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Investigating the role of non-helpers in group living thrips

Gilbert, James


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Dr James Gilbert
Lecturer in Zoology/ Deputy Programme Leader, Zoology


1. Behavioural variation among individuals is a hallmark of cooperative societies, which commonly contain breeders and non-breeders, helpers and non-helpers. In some cases labour is divided, with non-breeders “helping”. Conversely, in some societies subordinate non-breeders may not help. These individuals may be (i) an insurance workforce ensuring continuity of help for breeders when other helpers are lost, (ii) conserving energy while waiting to breed themselves, or (iii) simply of too poor physiological quality either to help or breed.
2. In the Australian Outback, Acacia thrips Dunatothrips aneurae (Thysanoptera) glue Acacia phyllodes into “domiciles” using silk-like secretions, either alone or cooperatively. Domicile maintenance is important for humidity, so repair can be interpreted as helping. I found that not all females helped to repair damage; some repaired partially or not at all ("non-helpers"). At the same time, some co-foundresses are non- or partially reproductive ("non-breeders”), and their role is currently unknown.
3. I first tested the possibility that helping and breeding are divided, with non-helping females breeding, and non-breeders helping. In a lab experiment, I rejected this idea. Experimentally damaged domiciles were typically repaired by reproductive females, and less so by non- or partially reproductive individuals.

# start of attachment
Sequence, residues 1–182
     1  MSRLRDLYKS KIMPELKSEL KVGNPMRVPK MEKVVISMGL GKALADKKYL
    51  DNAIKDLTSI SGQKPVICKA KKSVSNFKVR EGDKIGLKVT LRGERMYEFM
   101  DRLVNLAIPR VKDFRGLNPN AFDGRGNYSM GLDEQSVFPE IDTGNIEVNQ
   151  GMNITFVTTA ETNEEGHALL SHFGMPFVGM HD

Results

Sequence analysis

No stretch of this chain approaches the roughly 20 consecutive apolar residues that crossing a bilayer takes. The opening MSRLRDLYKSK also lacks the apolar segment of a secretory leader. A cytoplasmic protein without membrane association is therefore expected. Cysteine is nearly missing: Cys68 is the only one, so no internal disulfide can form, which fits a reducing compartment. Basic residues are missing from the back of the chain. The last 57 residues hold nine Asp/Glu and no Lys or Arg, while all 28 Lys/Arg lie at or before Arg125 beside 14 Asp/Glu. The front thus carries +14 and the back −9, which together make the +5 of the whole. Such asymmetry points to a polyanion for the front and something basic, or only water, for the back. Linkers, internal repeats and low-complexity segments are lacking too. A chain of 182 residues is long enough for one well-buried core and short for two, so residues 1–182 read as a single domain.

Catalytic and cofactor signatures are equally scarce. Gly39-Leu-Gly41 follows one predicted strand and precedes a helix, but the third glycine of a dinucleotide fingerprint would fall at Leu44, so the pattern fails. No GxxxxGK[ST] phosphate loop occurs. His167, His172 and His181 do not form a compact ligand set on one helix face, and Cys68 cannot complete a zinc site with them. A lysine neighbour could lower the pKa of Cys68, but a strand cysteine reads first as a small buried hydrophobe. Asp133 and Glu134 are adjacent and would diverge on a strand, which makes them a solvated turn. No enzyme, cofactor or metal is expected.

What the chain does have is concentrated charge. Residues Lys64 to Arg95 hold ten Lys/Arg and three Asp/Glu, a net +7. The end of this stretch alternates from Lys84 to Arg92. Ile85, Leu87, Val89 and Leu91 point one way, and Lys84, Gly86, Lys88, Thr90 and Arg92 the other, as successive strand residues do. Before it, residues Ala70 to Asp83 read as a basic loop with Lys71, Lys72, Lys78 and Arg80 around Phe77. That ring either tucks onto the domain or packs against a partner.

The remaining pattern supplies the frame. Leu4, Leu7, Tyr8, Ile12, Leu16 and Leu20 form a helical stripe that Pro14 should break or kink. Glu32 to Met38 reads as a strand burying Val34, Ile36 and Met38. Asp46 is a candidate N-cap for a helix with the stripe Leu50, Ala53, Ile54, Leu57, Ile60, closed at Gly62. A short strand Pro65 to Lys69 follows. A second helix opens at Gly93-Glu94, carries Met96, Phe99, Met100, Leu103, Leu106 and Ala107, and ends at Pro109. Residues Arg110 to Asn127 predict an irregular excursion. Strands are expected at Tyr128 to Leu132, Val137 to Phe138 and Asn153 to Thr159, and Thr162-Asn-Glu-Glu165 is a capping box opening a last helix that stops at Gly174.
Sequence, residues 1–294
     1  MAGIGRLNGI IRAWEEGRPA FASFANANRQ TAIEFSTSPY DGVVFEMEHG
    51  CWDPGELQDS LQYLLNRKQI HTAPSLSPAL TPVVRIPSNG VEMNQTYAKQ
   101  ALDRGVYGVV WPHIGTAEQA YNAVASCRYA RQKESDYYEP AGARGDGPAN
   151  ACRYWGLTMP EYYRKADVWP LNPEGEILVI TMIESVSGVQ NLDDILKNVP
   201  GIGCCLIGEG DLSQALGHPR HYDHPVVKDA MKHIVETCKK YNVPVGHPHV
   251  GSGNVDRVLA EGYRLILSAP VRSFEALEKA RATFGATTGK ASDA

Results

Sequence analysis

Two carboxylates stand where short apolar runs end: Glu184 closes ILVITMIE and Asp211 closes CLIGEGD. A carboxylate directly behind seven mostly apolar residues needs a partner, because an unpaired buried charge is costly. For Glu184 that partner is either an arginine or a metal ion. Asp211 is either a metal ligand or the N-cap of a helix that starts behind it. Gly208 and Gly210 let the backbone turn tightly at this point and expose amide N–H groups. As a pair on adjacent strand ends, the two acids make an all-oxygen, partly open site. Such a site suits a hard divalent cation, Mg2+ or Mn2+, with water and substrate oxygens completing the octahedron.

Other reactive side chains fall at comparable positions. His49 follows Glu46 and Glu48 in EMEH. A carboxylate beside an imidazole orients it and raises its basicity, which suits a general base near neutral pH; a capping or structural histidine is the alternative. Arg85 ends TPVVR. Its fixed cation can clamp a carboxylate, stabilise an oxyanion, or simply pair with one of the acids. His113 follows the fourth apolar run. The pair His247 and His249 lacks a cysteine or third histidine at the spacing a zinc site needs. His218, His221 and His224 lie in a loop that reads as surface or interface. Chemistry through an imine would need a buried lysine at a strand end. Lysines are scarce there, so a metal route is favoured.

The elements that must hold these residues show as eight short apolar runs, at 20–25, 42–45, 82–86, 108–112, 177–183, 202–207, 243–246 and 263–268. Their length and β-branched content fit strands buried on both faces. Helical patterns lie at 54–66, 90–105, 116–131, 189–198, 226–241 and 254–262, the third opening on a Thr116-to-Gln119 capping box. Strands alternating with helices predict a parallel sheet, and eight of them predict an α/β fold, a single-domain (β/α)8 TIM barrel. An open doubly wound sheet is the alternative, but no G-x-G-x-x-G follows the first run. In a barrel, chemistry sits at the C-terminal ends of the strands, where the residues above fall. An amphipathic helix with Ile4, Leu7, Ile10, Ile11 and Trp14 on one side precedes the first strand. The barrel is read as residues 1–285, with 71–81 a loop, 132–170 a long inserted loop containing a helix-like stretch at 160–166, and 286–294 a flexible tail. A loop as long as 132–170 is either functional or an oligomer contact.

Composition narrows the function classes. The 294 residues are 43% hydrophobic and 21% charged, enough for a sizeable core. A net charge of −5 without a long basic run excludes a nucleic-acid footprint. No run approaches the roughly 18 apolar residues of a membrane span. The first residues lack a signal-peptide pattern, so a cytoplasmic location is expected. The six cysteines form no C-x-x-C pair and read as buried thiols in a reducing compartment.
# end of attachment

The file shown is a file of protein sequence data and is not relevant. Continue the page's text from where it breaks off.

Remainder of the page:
4. To test whether non-helpers are an insurance workforce, I successively removed repairing females and found that non-helping females from the same domicile did not increase effort as a result, rejecting this hypothesis. Then I tested whether non-helpers were conserving energy waiting to breed. In a field experiment, I removed all other females, allowing either a helpful female or a non-helper to “inherit” her domicile. Isolated like this, non-helpers laid very few eggs compared to helpers or naturally occurring single foundresses, despite similar ovarian development.
5. My findings show that labour was not divided: reproduction and helping covaried positively, probably depending on individual variation in female quality and intra-domicile competition. Non-helping females were neither an insurance workforce nor conserving energy waiting to breed. They are likely simply of poor quality, freeloading by benefiting from domicile maintenance by others. I hypothesize they are tolerated because of selection for indiscriminate communal brood care in the form of domicile repair.


Gilbert, J. (in press). Investigating the role of non-helpers in group living thrips. The journal of animal ecology,

Journal Article Type Article
Acceptance Date Mar 18, 2024
Deposit Date Apr 9, 2024
Journal Journal of Animal Ecology
Print ISSN 0021-8790
Publisher Wiley
Peer Reviewed Peer Reviewed
Keywords Pleometrosis, joint nesting, division of labour, individual variation, cooperative societies, reproductive caste, reproductive competition
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